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It’s an argument that has gone on for 10 years and has invoked the names of Al Capone and Norman Rockwell as well as the film “The Last of the Mohicans.”
It’s an issue that residents and business owners are passionate about.
Video gaming in Palos Heights.
Many residents do not want it. Many restaurants and bar owners are clamoring for it.
Over the years, surrounding communities have put the machines in. That caused Ald. Jerry McGovern to say in a February City Council meeting that Palos Heights was “a deserted island out there. We’re the last of the Mohicans.”
The city may stay on that island.
McGovern reintroduced bringing the games to town in December 2020 to help out the restaurant and bar owners who lost money due to the pandemic.
He spent a majority of 2021 researching the pros and cons of having gaming and the city’s License Permits and Franchise Committee held a special meeting March 7 to measure the mood of residents.
More than 80 people showed up at the Palos Heights Recreation Center. Although 12 of the residents who spoke at the meeting were against and six were for gaming, each speaker received hearty applause.
Committee Chairman Brent Lewandowski said the committee will continue to discuss the issue and said it may go before the council for a vote, or nothing may come of it.
Meetings leading up to that vote were heated with residents voicing their displeasure. At the time, the City Hall council chambers had Norman Rockwell replicas on the walls and one women suggested the pictures be taken down and replaced with photos of Las Vegas shows.
The common complaints from residents were the machines cause gambling addictions, would be bad for the image of the city and bring criminal elements to the community.
The village of Worth, right across the Cal-Sag Channel, already offered gaming at the time. Throughout the years Alsip, Palos Hills, Oak Lawn, Chicago Ridge, Hickory Hills, Tinley Park and Crestwood allowed the machines.
Orland Park lifted its ban on the machines in a 4-3 vote in August 2018, despite losing on two referendums the previous March.
Three months later, the issue in Palos Heights was placed in a nonbinding referendum in November and the machines lost 3,319-2,522.
Palos Park took close to four months to decide what it wanted to do and voted 3-1 to allow Cog Hill Golf and Country Club the opportunity to switch its Class G liquor license to a Class GVG license that would allow the machines.
That leaves just one more Mohican. And Palos Heights Mayor Bob Straz wants to keep it that way.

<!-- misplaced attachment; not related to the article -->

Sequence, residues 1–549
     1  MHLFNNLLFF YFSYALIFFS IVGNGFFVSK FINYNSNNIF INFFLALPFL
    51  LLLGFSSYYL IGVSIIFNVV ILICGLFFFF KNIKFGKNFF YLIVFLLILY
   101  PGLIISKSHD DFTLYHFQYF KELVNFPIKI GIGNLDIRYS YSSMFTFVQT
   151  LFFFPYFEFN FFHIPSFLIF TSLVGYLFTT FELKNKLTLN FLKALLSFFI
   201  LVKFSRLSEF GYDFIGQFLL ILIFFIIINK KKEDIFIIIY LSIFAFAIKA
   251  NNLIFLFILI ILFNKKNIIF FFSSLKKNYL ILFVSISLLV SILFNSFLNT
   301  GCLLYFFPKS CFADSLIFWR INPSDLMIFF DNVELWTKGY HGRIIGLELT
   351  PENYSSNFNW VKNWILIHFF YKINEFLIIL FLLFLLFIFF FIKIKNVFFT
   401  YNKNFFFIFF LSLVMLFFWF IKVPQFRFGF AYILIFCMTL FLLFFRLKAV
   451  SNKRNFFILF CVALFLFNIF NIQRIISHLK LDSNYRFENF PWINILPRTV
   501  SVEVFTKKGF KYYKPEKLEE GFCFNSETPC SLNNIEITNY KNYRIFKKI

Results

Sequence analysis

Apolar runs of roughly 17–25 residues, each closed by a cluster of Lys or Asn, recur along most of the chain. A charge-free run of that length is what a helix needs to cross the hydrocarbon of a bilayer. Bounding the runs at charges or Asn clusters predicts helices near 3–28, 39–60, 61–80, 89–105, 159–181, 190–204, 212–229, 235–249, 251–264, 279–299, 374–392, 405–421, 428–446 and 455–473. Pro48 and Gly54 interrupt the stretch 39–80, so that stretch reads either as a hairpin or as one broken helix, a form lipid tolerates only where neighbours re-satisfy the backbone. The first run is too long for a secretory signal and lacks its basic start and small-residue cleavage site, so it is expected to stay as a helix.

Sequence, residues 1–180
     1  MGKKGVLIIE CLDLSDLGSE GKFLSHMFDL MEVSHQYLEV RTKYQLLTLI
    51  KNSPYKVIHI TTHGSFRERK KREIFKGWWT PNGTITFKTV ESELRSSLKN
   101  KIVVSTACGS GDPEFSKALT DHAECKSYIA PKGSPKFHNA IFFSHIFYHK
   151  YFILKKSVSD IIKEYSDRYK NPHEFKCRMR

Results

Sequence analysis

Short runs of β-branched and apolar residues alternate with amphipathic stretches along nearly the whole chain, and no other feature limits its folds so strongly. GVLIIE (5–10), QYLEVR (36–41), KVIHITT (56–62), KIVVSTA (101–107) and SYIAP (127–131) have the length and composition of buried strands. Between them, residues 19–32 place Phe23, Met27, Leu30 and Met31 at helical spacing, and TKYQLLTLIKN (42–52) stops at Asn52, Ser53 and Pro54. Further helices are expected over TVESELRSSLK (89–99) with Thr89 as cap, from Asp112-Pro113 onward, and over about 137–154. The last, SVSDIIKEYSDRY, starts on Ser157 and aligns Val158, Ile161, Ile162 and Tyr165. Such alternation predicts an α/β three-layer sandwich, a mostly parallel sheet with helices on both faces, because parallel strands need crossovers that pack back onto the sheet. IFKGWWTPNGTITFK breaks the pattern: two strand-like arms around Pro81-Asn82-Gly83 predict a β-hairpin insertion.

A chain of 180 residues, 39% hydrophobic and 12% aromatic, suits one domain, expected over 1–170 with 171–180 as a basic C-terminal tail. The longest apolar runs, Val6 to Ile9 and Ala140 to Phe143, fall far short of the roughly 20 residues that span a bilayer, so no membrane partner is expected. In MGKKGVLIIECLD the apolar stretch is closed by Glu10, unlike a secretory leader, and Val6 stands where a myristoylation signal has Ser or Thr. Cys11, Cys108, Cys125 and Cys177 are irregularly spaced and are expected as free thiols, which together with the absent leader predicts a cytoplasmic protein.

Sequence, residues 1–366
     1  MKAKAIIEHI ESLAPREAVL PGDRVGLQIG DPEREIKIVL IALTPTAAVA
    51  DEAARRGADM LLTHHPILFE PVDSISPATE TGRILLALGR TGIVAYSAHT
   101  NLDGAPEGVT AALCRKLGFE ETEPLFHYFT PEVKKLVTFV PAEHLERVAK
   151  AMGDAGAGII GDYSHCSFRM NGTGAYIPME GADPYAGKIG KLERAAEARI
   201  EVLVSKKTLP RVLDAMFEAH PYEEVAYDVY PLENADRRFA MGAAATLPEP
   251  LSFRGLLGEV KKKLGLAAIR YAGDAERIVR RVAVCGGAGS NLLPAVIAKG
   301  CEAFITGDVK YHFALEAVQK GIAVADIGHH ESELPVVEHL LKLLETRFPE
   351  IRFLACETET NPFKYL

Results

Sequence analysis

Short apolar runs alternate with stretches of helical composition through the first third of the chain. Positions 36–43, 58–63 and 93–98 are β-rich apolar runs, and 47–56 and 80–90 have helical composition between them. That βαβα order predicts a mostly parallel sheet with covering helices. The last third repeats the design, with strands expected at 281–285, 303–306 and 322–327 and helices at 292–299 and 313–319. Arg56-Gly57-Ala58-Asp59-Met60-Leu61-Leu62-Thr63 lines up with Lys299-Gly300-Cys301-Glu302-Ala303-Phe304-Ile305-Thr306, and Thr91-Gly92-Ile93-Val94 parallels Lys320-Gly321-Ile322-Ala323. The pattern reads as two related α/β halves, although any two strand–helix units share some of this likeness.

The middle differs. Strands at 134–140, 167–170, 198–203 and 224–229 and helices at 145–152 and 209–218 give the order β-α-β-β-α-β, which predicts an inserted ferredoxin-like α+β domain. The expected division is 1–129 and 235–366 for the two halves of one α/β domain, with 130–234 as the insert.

He was unable to attend the March 7 meeting, but said in a statement he opposed video gaming and that it would not be serve the people who voted no in the 2018 referendum. He also said it was a matter of image.
McGovern countered there will be rules in place to not allow advertising and that gaming rooms not be visible from the outside.
“Our streets would look the same,” he said. “We’re not going to allow people to put banners all over the streets or sign going up and down and round and round.
“Gambling in Illinois is a billion-dollar business. It’s not a small business. It’s not the days of Al Capone. It’s not any of that. It’s a legal business and if we don’t have it, we are losing revenue.”
Resident Terry Mueller said he would not frequent a restaurant that had video gaming so it would lose his business.
Barb Pasquinelli, who has been outspoken about the machines since 2013, has not changed her stance in the last decade.
“You are probably thinking that here is a little old lady who is going to say no,” she said at the public hearing. “And you would be absolutely right.”
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Gino Maira, the owner of Mama Vesuvio’s East restaurant, said he has been in business for 42 years, has donated to booster clubs, civic organizations and youth teams, and said many other restaurants in town do as well.
Maira said even taking the hit from the pandemic aside, he pays $65,000 in taxes, and restaurant owners have to “fight every day to stay alive.”
He said having the machines will help bring back customers without harming the city.
“We would keep it organized and keep it in a room separate from everything else,” he said. “We should have a choice if we want it or not. The state has given us that choice. I think Palos Heights should give us the same choice.”
Jeff Vorva is a freelance reporter for the Daily Southtown.